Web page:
In this article, I will take you through a C++ program to calculate the power of a number.
C++ Program to Calculate Power
2.5 raised to the power 3 yields: 15.625 2 + (5 raised to the power 2.5) yields: 57.9017
Understanding the above code:
In the code above, the pow() function is first called using the arguments x and 3.0, and the result, the power of x3, is assigned to y.
Since the function call represents a value, other operations are also possible. Thus, the pow() function can be used to perform calculations for double values. For example, cout << 2.0 + pow (5.0, x);
This expression first adds the number 2.0 to the return value of pow (5.0, x), and then outputs the result using cout.
Any expression can be passed to a function as an argument, such as a constant or an arithmetic expression. However, the types of arguments must match those expected by the function.
Then the compiler refers to the prototype to verify that the function was called correctly. If the argument type does not exactly match the type defined in the prototype, the compiler performs a type conversion, if possible. For example, y = pow (x, 3);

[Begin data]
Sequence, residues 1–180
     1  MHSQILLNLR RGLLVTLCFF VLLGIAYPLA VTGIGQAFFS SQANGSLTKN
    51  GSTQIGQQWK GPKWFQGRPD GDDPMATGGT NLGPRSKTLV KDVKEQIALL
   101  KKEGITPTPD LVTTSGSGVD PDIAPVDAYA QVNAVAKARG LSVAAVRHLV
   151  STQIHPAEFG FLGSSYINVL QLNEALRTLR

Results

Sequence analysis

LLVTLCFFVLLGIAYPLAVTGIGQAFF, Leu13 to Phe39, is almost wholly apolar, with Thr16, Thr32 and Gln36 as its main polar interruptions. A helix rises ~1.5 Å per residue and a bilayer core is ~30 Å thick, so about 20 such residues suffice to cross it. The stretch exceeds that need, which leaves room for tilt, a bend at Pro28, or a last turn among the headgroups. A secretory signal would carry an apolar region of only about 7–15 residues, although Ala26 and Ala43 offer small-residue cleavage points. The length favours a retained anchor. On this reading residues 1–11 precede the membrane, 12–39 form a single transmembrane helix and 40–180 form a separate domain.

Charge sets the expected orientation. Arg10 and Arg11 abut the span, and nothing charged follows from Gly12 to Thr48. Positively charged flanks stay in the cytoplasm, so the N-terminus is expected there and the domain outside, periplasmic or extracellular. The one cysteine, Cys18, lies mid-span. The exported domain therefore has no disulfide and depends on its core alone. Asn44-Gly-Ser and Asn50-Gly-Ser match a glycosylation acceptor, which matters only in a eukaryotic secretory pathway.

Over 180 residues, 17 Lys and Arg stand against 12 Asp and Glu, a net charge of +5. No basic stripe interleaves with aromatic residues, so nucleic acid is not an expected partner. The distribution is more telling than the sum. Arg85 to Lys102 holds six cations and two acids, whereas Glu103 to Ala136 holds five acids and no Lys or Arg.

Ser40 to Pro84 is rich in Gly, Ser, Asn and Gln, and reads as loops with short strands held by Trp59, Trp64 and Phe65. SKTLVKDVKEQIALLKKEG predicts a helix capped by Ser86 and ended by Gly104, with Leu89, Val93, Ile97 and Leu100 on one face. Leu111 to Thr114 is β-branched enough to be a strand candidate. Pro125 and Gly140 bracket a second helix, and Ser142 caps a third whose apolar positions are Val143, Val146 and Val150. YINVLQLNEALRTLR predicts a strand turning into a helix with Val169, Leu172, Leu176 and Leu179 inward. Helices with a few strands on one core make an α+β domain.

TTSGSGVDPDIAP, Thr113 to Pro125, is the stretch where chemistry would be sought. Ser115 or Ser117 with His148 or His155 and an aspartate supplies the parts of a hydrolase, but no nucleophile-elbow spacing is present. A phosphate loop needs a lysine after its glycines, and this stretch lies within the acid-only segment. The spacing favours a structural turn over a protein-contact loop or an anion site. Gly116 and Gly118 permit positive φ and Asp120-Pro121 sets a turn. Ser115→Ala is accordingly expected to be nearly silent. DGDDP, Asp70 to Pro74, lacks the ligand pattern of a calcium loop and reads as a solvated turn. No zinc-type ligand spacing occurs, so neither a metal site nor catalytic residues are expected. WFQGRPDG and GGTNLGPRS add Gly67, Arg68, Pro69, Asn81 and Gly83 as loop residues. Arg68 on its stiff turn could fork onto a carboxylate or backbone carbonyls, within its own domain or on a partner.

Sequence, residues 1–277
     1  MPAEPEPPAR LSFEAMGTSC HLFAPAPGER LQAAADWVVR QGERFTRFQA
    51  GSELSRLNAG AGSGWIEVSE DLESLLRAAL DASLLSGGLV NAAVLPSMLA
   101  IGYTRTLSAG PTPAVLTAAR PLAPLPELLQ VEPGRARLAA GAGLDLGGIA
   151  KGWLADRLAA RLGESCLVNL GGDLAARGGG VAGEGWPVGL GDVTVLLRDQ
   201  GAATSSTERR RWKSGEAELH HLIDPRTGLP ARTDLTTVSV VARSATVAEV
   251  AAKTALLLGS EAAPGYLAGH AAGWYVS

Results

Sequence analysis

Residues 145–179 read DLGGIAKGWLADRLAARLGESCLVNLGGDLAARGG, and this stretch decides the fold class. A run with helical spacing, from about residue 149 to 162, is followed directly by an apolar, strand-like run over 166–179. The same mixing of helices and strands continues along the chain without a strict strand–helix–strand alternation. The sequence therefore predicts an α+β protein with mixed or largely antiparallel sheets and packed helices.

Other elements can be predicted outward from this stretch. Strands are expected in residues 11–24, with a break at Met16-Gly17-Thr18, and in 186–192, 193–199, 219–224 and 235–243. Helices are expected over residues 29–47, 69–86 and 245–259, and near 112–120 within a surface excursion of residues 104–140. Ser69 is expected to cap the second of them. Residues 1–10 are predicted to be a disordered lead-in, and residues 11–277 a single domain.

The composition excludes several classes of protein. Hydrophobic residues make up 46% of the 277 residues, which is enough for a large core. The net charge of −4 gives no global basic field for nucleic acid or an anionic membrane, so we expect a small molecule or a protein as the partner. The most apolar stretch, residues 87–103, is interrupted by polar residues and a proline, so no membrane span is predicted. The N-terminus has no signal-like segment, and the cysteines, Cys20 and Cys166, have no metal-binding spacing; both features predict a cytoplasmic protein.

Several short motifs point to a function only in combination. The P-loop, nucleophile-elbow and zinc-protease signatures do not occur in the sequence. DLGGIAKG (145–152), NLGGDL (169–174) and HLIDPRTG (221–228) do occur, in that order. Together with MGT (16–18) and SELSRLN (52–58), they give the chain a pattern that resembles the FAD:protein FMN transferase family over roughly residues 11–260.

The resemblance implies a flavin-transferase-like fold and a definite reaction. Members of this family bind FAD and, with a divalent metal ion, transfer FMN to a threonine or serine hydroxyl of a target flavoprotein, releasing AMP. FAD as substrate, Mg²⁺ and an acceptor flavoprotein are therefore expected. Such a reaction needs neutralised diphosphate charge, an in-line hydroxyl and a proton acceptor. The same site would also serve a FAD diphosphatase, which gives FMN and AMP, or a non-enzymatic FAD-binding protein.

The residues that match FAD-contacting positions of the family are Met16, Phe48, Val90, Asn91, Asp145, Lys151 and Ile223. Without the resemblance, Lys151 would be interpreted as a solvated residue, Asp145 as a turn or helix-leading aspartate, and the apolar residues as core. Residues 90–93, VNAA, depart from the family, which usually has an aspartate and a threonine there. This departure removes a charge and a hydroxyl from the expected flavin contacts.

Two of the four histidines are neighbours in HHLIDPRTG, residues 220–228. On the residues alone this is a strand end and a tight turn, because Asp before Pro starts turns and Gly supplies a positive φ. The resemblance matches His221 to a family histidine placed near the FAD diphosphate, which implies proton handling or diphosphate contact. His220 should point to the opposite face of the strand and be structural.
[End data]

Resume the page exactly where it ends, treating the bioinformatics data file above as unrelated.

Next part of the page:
The value 3 of type int is passed to the function as the second argument. But since the function expects a double value, the compiler will do a type conversion of int to duplicate.
If a function is called with an incorrect number of arguments, or if type conversion is not possible, the compiler generates an error message. This allows you to recognize and correct errors caused by calling functions at the development stage instead of causing runtime errors. For example, float x = pow (3.0 + 4.7);
The compiler recognizes that the number of arguments is incorrect. Additionally, the compiler will issue a warning, since a double, i.e. the return value of pow(), is assigned to a variable of type float.
I hope you liked this article on how to write a C++ program to calculate the power of a number. Feel free to ask your valuable questions in the comments section below.